Robert Barron: The RealClearReligion Interview

Robert Barron: The RealClearReligion Interview
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Father Robert Barron is a priest on fire. After producing a largely successful television series, Catholicism, he moved north of Chicago, Illinois to the University of St. Mary of the Lake, a seminary in Mundelein. The cardinal archbishop of Chicago, Francis George, appointed him Rector in the summer of 2012. There he continues to run his Word on Fire evangelical ministry and form nearly 200 candidates for the priesthood.

Fr. Barron's office is one building among many on the 800-acre campus. You might not recognize the design as Catholic, and Fr. Barron says this was on purpose. When in the 1920's Cardinal George Mundelein organized the seminary grounds, Catholics in America were suspect. Mundelein ordered the architecture of the buildings to look like colonial America, but inside he made them into Italian palazzos. "We fit into America," Fr. Barron said, "but we're going to Catholicize you when you get in."

Earlier this week, I sat down with Fr. Barron in his office in Mundelein. Surrounded by portraits of Thérèse of Lisieux, Abraham Lincoln, Bob Dylan, and even a first-class relic of John Paul II, we discussed Pope Francis, how to make a good priest, and why Fr. Barron believes God called him to lead a seminary.

RealClearReligion: What do you make of Pope Francis?

Robert Barron: He's a mightily impressive figure. I was in Rome doing commentary for NBC when he was elected, and I can tell you that absolutely no one predicted it. I don't think anyone saw this prophetic figure coming. I think it might be what the Holy Spirit is inspiring us to right now. Maybe we need that in the Church, that back to basics evangelicalism. I think he's got a genius for that and a genius for communication through the gesture. We'll see now what unfolds in terms of concrete things, but his first year was a year of the great evangelical gesture.

RCR: How is Pope Francis a prophet?

RB: Well, this Pope is known as "friendly Francis," but he's a much more challenging figure than Pope Benedict XVI was. Almost every time Francis speaks, he's targeting somebody. That way, he's a bit like Jeremiah and Ezekiel.

RCR: Is it more style than substance?

RB: Style is substance in many ways. I think the substance is the name that he took. The church evangelizes, worships God, and cares for the poor. His emphasis is on the latter in a very big way. That's pretty substantive; I don't think it's a stylistic change.

RCR: Does the "new evangelization" simply mean new style? Or does it also mean new content?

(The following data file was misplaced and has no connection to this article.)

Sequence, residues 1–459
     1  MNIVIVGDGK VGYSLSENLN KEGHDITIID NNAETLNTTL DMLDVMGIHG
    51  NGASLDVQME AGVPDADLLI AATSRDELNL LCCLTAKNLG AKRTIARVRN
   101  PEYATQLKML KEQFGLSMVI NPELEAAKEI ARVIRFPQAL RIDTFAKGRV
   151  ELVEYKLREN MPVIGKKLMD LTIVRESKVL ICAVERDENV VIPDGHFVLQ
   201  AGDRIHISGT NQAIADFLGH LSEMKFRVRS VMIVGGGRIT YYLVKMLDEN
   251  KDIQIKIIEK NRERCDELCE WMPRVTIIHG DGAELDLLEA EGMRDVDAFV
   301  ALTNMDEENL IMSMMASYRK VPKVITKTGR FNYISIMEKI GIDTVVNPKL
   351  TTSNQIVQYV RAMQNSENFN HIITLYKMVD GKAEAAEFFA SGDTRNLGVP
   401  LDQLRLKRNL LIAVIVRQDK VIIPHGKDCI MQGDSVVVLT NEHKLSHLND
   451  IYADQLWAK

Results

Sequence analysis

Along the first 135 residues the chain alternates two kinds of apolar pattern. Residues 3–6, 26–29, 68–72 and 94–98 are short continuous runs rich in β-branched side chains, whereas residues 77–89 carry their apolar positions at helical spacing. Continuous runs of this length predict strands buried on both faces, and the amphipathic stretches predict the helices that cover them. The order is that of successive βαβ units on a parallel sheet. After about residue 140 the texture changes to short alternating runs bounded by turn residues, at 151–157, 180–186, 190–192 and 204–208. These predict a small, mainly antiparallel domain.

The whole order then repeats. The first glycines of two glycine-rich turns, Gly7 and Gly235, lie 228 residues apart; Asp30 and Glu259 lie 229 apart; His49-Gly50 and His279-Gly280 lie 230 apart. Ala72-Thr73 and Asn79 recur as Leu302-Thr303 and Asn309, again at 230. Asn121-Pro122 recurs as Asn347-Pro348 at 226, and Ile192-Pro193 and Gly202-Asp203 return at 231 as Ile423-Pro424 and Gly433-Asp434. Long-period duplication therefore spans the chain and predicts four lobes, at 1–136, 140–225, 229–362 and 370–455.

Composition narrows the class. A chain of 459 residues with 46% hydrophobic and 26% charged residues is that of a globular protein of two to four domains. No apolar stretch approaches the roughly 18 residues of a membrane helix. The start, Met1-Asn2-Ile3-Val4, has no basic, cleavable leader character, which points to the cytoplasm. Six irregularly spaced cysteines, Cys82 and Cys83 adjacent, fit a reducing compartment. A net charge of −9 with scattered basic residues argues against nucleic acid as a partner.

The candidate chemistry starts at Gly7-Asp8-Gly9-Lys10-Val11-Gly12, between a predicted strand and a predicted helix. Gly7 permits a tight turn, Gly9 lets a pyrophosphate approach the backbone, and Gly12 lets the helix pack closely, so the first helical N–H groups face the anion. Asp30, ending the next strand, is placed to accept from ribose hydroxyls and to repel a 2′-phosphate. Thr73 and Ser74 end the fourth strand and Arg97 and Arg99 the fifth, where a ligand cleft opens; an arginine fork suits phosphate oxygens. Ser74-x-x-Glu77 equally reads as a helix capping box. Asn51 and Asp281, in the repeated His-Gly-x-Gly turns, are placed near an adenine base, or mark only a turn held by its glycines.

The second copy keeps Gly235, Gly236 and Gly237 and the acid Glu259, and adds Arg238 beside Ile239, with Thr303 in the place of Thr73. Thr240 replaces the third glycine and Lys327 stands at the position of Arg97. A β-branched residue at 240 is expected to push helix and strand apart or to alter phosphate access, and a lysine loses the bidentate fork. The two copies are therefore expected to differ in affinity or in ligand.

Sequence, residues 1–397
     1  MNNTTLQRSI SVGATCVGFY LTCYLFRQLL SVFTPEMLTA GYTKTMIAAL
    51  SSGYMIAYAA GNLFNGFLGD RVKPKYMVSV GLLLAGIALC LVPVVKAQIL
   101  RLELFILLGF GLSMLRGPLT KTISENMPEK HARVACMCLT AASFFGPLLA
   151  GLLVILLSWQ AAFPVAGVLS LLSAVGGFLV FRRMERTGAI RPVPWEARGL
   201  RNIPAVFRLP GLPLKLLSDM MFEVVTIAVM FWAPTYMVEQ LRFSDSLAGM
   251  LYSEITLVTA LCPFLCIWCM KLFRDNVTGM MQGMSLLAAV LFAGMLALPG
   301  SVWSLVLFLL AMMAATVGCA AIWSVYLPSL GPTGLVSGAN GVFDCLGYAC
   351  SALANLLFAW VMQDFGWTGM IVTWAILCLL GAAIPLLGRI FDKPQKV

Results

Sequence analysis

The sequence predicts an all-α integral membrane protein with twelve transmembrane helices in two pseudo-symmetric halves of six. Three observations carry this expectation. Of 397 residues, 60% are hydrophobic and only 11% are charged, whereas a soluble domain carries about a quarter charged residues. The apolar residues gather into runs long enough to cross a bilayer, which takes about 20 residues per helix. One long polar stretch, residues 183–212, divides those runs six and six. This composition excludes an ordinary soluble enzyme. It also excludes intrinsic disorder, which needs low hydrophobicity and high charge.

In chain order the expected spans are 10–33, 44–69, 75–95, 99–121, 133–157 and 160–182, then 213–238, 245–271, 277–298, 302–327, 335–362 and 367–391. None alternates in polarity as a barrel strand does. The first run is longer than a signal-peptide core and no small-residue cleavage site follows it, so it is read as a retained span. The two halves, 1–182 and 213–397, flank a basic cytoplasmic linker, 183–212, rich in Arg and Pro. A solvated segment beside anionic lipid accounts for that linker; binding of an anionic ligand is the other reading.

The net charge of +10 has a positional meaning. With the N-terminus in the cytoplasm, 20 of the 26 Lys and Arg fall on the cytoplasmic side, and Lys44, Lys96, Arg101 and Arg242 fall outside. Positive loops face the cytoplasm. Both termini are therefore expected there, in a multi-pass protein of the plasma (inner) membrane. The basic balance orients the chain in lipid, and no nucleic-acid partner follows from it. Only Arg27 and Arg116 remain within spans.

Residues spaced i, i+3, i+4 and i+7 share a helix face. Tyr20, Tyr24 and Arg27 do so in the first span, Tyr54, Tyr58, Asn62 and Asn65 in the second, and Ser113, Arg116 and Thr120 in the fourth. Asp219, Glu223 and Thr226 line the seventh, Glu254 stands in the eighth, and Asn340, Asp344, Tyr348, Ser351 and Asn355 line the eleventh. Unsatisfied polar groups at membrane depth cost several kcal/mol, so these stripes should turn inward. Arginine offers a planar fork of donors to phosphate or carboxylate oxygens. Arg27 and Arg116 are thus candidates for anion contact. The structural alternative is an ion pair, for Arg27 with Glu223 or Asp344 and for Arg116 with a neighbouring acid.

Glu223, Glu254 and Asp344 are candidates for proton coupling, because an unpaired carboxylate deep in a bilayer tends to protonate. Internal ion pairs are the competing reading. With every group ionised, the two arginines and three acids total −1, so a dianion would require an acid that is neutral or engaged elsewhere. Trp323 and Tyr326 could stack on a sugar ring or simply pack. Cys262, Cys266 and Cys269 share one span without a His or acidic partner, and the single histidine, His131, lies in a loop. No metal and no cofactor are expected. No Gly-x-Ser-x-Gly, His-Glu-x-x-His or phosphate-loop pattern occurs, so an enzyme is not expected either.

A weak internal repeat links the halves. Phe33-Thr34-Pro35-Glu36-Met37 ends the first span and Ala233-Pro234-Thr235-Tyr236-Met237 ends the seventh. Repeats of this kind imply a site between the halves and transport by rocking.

RB: I always go back to John Paul II: it has to be new in ardor, new in expression, and new in method. But, Vatican II is the real ground for the "new evangelization." John XXIII clearly construed Vatican II as a missionary council -- it was lumen gentium! It was getting the light of the Church out to the nations. That's the "new evangelization" and to do it in this context of the modern world. The mistake, however, was to say Vatican II was about modernizing the Church. It was about Christifying the world. To do that in a modern framework, you have to make some adjustments, but the focus is evangelization, not modernization. That's what Paul VI picked up, what John Paul II picked up, what Benedict XVI picked up. To me, the great irony was that the Church before Vatican II was anything but ardent. The Church I knew in this country was handwringing, doubtful of itself, unsure of its convictions, arguing with itself about authority and sex.

New in expression is an important category. It doesn't mean to change the content of the faith, but the manner of expression can and should change. The church has to address the culture. It's like G.K. Chesterton's line about the white fence posts: you want to keep it white, but the worst thing you can do is leave it alone. You have to keep coming back to it and re-painting it, reassessing it.

New in method is especially applicable today. Inter Mirifica saw the new communications and technology -- which at the time only meant radio and television. But now, we have all these new social media methods.

Those three categories are important, but there's also the "old evangelization," which is declaring that Jesus Christ is Lord. That's always what evangelization is.

RCR: What happens when the media co-opts the "new evangelization" and tells its own story about what people will find when they come back to church?

RB: It's true that there's not an area where Pope Francis has changed the teaching, morally or doctrinally, of the Church. To draw people back in with a provocative style and gesture is fine and good, but it's a bit like Evelyn Waugh's Brideshead Revisited. Charles is a sort of cool agnostic, but is brought back in by the beauty of it. But then in the course of that novel, he begins to feel the moral demand of the house. His life has got to become beautiful. And only at the end does he come to full acceptance. That's a great metaphor for how you draw people in.

People can be drawn in by the beauty of one of these Pope Francis gestures. Now, you're drawn in. Now, you'll see the demand placed upon you by the Church which has not changed its moral teaching. If you lead with the moral demand, its not going to work. Say what you want: its true, its right, its courageous. But it won't bring people in. That doesn't mean you drop it. Once they're in, now you bring to bear the full moral demand of the Church.

RCR: What does the seminary do?

RB: We're shaping 192 young men to be good and holy Catholic priests. We follow what's called a Program of Priestly Formation, which in turn is grounded in a lot of the statements of the Church like Pastores Dabo Vobis and the Vatican II documents. There are four pillars: human formation, spiritual formation, intellectual formation, and pastoral formation.